With Ukraine’s electoral campaign set to kick off on the last day of the year, unpopular Ukrainian President Petro Poroshenko is using “Russian aggression” in this battle for re-election next March.

But the concept may backfire. Amid a declaration of martial law, many observers are questioning how essential the step is on the verge of the electoral season.

On November 25, Russian coastal patrol craft intercepted and captured three Ukrainian vessels off the coast of Crimea while they were trying to navigate through the Kerch Strait, which connects the Black Sea with the Sea of Azov, and which is now crossed by a Russian bridge leading to the Moscow-annexed Crimea.

A total of 24 Ukrainian sailors were captured and held prisoner for violating Russian national waters.

Declaring the incident an open act of aggression, Poroshenko issued an executive proposal for martial law, which was approved by the Verkhovna Rada, the Ukrainian parliament.

Once the order came into force, additional troops were sent to patrol the Russian borders, reservists were mobilized and male Russian citizens aged from 16 to 60 were barred from entering Ukraine. The latter measure, the president said, serves the purpose “of preventing infiltration by Russian military intelligence and potential militants.”

Who’s provoking who – and why?

With martial law set for a run of 60 days across Ukraine, the electoral campaign, scheduled to start on December 31, looked compromised. Many suspect the president intentionally provoked the Kerch Strait clash to postpone the election – or worse, to give an authoritarian turn to Ukraine’s fragile democracy.

The first to fuel these concerns were, of course, the Russian government and pro-Kremlin media, which defined the Kerch incident a “clear provocation” orchestrated by Poroshenko to gain political advantage.

The pro-European, pro-NATO Poroshenko was elected in the aftermath of the “Euromaidan revolution,” which resulted in the ousting of corrupt, pro-Russian president Viktor Yanukovych. His electoral win was a poisoned chalice – with the economy a shambles and a Kremlin-funded civil war ravaging the country’s east, Poroshenko faced massive challenges.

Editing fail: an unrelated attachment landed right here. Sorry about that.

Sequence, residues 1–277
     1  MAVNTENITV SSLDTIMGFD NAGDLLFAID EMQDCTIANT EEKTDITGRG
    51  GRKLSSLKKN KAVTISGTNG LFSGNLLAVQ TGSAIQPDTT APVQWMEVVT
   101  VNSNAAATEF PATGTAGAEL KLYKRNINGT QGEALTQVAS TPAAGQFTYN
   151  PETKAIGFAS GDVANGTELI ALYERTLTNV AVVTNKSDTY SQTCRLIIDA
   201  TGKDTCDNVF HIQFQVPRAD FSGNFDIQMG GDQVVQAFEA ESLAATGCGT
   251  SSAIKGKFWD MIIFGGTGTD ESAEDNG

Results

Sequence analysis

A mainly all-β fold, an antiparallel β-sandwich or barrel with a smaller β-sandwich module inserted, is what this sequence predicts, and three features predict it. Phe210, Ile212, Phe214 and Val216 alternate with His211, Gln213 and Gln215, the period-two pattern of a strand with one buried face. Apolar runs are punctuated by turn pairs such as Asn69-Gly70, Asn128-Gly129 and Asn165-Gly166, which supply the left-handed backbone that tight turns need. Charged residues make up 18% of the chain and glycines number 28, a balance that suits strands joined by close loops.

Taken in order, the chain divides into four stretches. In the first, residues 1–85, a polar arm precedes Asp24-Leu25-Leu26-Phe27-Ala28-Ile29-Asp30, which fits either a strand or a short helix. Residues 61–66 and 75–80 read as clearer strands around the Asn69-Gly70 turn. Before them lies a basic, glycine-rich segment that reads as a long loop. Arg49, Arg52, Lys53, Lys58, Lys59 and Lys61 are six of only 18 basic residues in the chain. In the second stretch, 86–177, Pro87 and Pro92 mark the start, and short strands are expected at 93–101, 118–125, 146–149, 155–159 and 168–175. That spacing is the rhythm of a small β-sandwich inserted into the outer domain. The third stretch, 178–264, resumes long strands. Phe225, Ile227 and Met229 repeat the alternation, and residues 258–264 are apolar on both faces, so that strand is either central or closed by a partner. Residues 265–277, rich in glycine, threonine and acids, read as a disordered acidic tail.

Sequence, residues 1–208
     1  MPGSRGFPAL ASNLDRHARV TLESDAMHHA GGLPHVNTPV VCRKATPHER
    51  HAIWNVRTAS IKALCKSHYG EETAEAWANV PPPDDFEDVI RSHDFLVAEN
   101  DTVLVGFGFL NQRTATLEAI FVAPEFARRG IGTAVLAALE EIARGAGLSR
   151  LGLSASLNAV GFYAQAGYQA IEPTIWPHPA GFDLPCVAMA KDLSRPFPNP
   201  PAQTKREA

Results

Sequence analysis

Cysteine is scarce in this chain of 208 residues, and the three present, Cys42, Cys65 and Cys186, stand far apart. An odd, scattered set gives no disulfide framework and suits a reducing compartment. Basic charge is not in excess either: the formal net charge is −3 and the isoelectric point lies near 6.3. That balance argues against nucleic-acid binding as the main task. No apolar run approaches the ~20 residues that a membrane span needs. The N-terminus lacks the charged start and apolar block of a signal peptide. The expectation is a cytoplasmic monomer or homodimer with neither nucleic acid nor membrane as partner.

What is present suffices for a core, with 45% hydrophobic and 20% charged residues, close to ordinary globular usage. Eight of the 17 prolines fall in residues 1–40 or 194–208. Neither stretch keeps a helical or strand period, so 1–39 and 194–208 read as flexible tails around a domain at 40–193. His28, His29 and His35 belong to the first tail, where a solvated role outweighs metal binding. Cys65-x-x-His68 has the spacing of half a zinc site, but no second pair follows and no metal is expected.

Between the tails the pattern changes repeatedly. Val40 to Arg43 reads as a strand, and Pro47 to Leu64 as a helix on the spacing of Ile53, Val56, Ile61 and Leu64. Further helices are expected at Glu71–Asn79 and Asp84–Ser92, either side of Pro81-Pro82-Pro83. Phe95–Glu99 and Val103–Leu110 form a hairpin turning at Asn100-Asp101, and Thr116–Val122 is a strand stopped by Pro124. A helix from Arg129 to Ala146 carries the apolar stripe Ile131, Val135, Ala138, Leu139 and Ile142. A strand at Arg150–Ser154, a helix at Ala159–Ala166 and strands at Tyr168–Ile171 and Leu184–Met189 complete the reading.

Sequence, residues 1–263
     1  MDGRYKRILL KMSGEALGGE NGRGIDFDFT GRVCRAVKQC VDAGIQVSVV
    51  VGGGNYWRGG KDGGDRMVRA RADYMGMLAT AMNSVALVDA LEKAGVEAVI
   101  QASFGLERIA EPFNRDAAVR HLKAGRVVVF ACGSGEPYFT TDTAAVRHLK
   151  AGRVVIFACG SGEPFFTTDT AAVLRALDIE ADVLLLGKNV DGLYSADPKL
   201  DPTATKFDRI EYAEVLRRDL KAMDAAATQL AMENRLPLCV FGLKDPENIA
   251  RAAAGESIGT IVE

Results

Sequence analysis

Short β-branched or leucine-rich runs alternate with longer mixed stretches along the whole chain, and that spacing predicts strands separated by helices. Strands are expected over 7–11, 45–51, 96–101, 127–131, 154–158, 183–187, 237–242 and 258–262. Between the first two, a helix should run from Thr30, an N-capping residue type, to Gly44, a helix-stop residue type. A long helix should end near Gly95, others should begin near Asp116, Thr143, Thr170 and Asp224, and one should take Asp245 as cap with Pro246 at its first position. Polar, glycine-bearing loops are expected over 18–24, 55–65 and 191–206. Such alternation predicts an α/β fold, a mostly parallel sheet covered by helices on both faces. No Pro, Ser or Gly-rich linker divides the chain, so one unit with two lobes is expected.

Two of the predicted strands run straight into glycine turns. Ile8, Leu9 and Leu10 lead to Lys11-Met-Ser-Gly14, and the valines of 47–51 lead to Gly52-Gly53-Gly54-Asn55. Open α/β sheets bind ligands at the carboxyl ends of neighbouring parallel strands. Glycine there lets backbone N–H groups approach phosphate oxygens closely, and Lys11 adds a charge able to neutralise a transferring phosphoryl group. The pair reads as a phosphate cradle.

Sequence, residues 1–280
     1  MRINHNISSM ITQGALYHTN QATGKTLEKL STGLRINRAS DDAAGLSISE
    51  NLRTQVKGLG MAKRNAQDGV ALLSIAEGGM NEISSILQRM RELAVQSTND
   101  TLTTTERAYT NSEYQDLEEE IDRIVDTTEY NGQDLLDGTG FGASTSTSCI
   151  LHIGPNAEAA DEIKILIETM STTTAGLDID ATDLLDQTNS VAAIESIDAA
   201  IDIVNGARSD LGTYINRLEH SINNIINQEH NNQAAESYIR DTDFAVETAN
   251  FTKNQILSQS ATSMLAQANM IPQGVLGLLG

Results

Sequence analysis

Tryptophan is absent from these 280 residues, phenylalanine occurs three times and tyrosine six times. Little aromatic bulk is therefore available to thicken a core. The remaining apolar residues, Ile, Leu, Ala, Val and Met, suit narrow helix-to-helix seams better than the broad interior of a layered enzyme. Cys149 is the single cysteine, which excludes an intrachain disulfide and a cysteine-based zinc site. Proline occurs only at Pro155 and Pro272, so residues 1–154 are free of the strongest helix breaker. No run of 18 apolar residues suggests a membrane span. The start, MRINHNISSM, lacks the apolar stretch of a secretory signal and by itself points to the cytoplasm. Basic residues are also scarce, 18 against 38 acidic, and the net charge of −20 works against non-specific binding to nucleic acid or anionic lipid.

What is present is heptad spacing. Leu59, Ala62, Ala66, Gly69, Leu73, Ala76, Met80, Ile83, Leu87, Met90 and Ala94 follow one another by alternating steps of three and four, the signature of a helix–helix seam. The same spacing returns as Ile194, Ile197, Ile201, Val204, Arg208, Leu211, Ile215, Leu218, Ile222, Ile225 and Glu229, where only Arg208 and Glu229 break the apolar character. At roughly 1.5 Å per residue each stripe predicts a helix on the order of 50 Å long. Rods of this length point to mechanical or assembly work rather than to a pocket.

In his four-year presidency, his ratings have been falling steadily, as the economy struggles to recover from the 2014-2015 free fall, while the dream of European integration, the main catalyst of the Maidan revolution, remains distant.

According to recent polls, only 8% of Ukrainians would vote for Poroshenko. Ex-prime minister and Fatherland Party leader Yulia Tymoshenko was considered the frontrunner with 14% support. Another outlying candidate, comedian Volodymyr Zelensky, was considered to be in a better position than the incumbent.

Concerns about the elections being postponed because of martial law turned out to be unfounded after parliament shortened the duration of martial law to 30 days and limited it to 10 regions bordering Russia and the Russia-controlled Republic of Transnistria.

Poroshenko confirmed that elections will be taking place as previously scheduled “unless Ukraine will have to defend itself from open Russian aggression.” “In that case,” the president said, “we will be defending the country.”

“Paradoxically, further aggressive actions from the Russian side would play in Poroshenko’s favor as his decision to declare martial law would turn out to be justified,” said Konstantin Skorkin, a journalist who specializes in Russia-Ukraine relations.

Martial law: more cons than pros

However, no signs of imminent Russian aggression are in sight. Martial law is being widely seen across Ukraine as an overreaction – especially given that such a measure was never introduced during the four-year war that has been raging between Kremlin-backed separatists and governmental forces in the country’s southeast.